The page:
Our work in composing and executing the analysis has led to several reflections on possible improvements
and further work. These reflections lead to the following recommendations:
Two parallel analysis tracks. The effect of service provider features and end-user behaviour has
been difficult to separate. Practical interoperability should take both aspects into consideration.
Further study of end-user behaviour on the individual services is expected to lead to more clarity on
how practical interoperability could be achieved.
Removal of overlapping questions. A handful of our questions include overlapping issues. For
instance the availability of API’s is addressed through two questions and a few questions concerning
the conceptual model seem to get copy/paste responses. This might indicate redundancy amongst
Improvements on unclear questions. For instance, we have a question concerning the choice of
licensing models for datasets. This question could focus on whether the service requires purchase
of third party software licenses by end-users or future software license renewals that may affect the
service provider or its end-users. There is also a need to have a common meaning of the ‘yes/no’
answers over all the questions e.g. in asking about the risk of vendor-lock in, answering ‘no’ was
actually a good thing, even though it was having a ‘yes’ that counted towards compliance to the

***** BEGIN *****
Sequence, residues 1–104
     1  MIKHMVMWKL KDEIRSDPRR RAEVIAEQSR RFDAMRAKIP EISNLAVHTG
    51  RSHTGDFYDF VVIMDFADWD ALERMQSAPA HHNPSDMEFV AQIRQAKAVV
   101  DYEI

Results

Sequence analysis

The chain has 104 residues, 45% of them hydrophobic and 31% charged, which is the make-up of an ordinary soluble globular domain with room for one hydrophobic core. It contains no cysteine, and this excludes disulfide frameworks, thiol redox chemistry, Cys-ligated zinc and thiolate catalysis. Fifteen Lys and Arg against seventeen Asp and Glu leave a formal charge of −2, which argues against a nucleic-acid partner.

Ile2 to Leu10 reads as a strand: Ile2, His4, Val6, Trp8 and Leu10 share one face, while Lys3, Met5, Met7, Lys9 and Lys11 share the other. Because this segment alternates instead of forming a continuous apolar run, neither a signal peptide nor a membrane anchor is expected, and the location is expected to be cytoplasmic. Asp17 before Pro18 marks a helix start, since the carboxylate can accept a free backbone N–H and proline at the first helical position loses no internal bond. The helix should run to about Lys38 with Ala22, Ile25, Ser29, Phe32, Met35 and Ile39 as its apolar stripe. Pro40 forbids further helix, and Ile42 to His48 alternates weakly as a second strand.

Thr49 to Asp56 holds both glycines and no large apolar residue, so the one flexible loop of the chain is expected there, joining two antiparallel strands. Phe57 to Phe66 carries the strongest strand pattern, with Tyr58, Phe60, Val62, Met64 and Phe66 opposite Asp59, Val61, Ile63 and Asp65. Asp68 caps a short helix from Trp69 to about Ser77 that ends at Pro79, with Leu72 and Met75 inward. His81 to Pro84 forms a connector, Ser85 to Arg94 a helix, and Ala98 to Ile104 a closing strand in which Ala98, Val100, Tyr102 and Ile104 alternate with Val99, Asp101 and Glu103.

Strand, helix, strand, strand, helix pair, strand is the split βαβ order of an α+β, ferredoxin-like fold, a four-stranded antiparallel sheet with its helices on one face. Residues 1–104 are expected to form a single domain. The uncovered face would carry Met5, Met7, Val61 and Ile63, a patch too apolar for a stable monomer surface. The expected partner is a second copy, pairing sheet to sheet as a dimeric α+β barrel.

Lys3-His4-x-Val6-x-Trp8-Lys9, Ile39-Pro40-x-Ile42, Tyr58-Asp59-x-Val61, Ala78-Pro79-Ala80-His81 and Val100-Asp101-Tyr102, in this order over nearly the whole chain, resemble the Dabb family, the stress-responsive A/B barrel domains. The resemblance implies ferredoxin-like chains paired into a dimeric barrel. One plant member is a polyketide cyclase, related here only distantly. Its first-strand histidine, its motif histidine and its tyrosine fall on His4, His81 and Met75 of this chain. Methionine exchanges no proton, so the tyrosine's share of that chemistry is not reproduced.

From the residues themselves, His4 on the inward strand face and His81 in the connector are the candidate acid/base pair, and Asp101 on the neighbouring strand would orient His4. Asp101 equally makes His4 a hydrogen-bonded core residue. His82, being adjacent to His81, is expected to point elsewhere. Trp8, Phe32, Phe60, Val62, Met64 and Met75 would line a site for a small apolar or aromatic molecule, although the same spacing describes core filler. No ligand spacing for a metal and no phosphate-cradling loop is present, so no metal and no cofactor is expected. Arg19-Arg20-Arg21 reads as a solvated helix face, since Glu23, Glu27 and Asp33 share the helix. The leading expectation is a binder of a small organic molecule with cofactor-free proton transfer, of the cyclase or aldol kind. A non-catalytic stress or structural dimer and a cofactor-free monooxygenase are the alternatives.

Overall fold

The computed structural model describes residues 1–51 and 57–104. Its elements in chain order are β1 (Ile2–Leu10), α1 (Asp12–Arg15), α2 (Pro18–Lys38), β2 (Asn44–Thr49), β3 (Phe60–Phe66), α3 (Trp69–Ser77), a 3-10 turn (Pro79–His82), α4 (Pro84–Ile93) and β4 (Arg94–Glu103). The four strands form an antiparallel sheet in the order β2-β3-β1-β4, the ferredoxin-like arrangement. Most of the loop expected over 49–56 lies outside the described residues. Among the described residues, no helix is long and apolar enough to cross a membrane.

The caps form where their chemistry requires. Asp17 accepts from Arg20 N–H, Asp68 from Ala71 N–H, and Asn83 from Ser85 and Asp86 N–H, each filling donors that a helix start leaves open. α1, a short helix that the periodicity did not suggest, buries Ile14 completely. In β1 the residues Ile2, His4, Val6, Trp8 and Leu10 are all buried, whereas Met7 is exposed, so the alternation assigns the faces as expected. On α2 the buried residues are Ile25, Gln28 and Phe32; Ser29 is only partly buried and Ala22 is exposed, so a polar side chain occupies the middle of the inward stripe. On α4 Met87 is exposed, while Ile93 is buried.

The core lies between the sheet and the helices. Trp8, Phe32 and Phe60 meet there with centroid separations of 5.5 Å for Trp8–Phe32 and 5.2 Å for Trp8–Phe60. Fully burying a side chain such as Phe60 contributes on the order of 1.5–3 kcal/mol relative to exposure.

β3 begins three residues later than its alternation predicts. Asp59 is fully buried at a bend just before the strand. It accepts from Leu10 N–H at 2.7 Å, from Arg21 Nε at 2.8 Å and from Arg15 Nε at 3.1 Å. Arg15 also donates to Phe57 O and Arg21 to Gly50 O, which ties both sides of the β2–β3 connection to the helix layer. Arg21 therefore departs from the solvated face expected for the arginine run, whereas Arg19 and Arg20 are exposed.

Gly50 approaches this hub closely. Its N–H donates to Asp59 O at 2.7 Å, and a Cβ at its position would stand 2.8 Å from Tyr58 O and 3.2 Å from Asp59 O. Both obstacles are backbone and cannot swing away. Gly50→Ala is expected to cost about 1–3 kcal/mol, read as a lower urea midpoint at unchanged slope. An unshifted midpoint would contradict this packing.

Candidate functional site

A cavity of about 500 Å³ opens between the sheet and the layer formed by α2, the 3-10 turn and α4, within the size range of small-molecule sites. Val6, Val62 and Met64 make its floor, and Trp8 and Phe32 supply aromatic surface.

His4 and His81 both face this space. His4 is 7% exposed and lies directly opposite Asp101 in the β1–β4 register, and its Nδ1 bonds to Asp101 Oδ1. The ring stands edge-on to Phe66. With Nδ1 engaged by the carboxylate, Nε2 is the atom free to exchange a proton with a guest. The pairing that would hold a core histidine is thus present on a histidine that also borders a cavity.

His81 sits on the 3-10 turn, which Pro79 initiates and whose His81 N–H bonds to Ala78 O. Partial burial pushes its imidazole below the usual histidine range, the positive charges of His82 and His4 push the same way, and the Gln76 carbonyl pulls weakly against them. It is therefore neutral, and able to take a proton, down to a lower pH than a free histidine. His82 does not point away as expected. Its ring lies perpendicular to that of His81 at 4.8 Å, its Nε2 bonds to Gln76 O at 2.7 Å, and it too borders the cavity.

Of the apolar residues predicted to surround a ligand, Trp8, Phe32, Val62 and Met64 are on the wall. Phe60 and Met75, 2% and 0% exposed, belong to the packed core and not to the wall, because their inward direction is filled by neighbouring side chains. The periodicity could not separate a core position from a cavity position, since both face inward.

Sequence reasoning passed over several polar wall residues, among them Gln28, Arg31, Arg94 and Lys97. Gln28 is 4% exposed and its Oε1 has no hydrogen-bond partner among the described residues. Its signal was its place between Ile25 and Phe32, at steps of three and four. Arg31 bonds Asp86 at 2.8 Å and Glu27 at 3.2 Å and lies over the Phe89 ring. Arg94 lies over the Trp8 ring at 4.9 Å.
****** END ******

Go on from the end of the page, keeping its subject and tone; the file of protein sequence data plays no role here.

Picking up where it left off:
Enhanced focus on metadata. Compliance with FAIR through interoperability could be a relevant
future focus point. This could be achieved by examining the generation and traversal of metadata
through the use of standardised communication protocols, service tools, repositories and compute
services. Metadata should be either maintained or enriched during this process.
Examination of more services. More responses would enable compiling an analysis that is less
influenced by one or more services that may be atypical.
Compilation of relevant baselines or “golden standards” that cover interoperability for
repositories, compute services and/or service aggregators. This could be a tool to indicate what an
individual service could or should strive to achieve.
Build a more coherent IF. Moving from general recommendations produced by various authors and
with various intentions to specific questions aimed at measuring compliance was naturally difficult.
Further mapping between IF recommendations from various sources would be helpful and bring
much needed clarity.